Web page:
When it comes to cover crops and how best to use them productively and profitably, Kansas farmers are still feeling their way along.
Fifth-generation Barber County farmer Chris Boyd is no exception.
Over Labor Day weekend, he made a decision to try something new: aerial application of cover crop seed in a circle of corn that would not be harvested for another month.
"I really wanted to get the ground covered, and I wanted to have that crop up and growing so I would be able to graze it before frost," he says.
He talked to his Natural Resources Conservation Service technical adviser Erin Batman about his idea, and Batman offered to seek a variance to NRCS cover crop standards and specifications so that Boyd could get some help trying out his idea through the Conservation Stewardship Program.
Boyd called his local aerial application company, Farmers Spraying Service out of Pratt, and hired them to fly on a mixture of wheat and tillage radish seed.
His cover crop seed provider, Jason Stucky with Cover Crop Club at Valley Center, says he normally recommends a blend of five different cover crops for the region where Boyd farms.
"Since this was an experiment and I plan to go back into that ground with beans or cotton next spring and then certified wheat production next fall, I didn't want to take a chance of something like triticale or rye in the field," he says.
By the last week of October, Boyd had a good stand of forage coming on strong. In fact, the stand was on track to rival the dryland cover crop mix that Boyd planted with a conventional drill on the corners of the irrigated field.
"I watered the circle a couple of times right at planting and then we got a hard, 2-inch rain and that got it up and going," he says.
Now that the corn has been harvested, the cover crop is growing rapidly, and Boyd is giving it another round of irrigation along with an application of nitrogen.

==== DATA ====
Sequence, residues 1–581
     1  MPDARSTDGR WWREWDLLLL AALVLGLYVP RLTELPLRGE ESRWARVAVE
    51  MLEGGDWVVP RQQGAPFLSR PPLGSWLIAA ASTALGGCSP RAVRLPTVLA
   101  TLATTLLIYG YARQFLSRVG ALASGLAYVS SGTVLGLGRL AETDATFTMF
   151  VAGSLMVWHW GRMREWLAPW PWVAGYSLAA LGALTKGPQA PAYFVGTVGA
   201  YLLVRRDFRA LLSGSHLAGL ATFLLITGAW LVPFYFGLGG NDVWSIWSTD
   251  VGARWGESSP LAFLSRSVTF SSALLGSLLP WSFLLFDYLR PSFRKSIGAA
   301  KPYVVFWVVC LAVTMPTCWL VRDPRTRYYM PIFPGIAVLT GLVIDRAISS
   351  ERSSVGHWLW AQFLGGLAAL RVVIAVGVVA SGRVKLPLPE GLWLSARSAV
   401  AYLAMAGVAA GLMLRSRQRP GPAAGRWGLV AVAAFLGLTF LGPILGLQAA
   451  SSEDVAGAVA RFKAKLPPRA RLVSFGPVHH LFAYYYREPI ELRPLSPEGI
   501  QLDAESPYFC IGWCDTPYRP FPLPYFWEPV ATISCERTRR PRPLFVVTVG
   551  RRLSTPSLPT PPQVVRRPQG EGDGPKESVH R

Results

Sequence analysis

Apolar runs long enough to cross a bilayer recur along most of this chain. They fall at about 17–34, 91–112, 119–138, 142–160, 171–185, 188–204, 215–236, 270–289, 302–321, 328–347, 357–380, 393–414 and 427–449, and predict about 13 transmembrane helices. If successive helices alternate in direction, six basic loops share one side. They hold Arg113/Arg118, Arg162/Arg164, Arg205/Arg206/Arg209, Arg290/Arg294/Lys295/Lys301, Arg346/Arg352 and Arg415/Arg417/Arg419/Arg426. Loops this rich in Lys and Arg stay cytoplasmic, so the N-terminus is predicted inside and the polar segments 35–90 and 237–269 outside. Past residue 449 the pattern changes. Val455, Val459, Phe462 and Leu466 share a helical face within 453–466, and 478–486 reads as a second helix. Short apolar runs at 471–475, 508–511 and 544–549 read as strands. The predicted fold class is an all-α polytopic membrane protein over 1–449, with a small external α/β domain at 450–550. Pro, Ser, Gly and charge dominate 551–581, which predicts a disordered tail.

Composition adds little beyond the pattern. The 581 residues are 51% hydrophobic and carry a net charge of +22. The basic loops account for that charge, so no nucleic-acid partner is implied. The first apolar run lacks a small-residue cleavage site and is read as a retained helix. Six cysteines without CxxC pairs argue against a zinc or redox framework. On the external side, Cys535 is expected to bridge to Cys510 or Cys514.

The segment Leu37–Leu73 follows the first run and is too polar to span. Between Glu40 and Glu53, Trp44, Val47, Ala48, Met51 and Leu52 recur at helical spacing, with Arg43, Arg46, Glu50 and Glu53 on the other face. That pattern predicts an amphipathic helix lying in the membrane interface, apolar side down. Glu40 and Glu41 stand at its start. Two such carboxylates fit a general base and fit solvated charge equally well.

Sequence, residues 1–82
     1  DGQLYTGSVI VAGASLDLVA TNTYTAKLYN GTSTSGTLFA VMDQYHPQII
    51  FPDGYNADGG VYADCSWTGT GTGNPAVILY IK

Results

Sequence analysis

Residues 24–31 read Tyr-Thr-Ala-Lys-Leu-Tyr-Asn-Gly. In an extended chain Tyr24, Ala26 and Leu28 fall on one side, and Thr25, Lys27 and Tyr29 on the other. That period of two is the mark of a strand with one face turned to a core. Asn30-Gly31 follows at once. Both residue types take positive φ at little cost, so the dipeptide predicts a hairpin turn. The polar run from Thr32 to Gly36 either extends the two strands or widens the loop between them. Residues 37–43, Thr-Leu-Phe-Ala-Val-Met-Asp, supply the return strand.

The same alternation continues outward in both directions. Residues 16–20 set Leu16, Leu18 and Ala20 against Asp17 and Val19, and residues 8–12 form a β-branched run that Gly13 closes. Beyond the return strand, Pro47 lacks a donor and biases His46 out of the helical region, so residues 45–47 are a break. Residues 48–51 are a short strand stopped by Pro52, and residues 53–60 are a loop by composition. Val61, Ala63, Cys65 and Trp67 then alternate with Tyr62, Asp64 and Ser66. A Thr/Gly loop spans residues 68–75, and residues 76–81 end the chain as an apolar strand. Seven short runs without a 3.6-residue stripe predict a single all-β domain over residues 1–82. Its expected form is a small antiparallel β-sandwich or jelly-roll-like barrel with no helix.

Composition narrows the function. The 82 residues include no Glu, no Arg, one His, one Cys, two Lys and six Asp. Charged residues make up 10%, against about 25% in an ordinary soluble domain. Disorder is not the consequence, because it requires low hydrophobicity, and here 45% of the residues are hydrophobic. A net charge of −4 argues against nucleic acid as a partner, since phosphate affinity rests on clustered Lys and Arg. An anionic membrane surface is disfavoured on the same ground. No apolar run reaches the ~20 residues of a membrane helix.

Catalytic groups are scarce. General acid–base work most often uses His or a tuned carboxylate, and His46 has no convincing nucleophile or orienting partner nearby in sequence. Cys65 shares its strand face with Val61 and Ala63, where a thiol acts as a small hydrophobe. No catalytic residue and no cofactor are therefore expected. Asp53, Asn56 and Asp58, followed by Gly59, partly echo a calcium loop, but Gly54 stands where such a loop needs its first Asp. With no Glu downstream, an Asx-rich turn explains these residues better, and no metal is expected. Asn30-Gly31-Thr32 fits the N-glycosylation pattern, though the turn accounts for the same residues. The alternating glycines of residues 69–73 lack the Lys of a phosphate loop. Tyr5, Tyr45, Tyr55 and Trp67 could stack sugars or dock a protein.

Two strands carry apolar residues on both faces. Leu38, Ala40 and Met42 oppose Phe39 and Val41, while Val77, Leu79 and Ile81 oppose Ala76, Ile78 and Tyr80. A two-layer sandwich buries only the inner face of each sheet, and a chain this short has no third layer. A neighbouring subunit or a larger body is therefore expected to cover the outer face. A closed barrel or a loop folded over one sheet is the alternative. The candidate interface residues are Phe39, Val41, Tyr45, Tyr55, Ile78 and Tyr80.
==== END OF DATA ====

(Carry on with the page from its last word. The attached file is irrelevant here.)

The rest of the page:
"I plan to graze it pretty heavily, and I want to make sure I get good-quality forage," he says. He harvested 207 bushels to the acre on that field and has plenty of stalks and residue.
Boyd's goal is twofold. He wants to run cattle on the forage and cornstalks through the winter and at the same time get good suppression of weeds in the fall and during early-spring growth.
Batman says cattle will choose to graze the stalks and green wheat in the fall and will eat less of the radish tops. After frost, when the radishes are winter-killed, the sugars are concentrated and the tops become more palatable to cattle, he says."That is actually good, because you get more fall growth of the radish, when the root penetrates deeper into the soil,” he says.
"I would rather spend $30 an acre to get a good cover crop that I can graze and that also helps improve the organic matter and health of my soil than to wait until next spring and spend $30 on a chemical application that may or may not work for weed control," Boyd says. "I would much rather make the investment into something more sustainable than chemical weed control, which is becoming less reliable and more expensive."
He says he put on clean, certified wheat seed to have more seeds per pound and help out his applicator by reducing the amount of product he needed to carry.
Nate Williams, who works with Batman at NRCS, says experiments such as those Boyd is doing are the way forward for cover crops and that much of the science is trial and error
"One thing we have learned is that when soil moisture is adequate to get a cover crop up after wheat harvest, the canopy will cool the soil and you will actually get less evaporation loss than you would from the standing wheat stubble," he says "The cover crop has keeps microbial activity going in the subsoil, helps break up compaction and stores water longer."
He says that doesn't mean that always planting a cover crop behind wheat is a good idea.
"If it is very dry, you may not have enough water for the cover crop to become established," he says. "In that case you have spent money on seed and fuel to plant it and you get nothing for that expense."
Fall cover crop put on, as Boyd did, a few weeks before corn harvest, or drilled immediately after harvest, has less of a water use issue because some species typically self-terminate over the winter.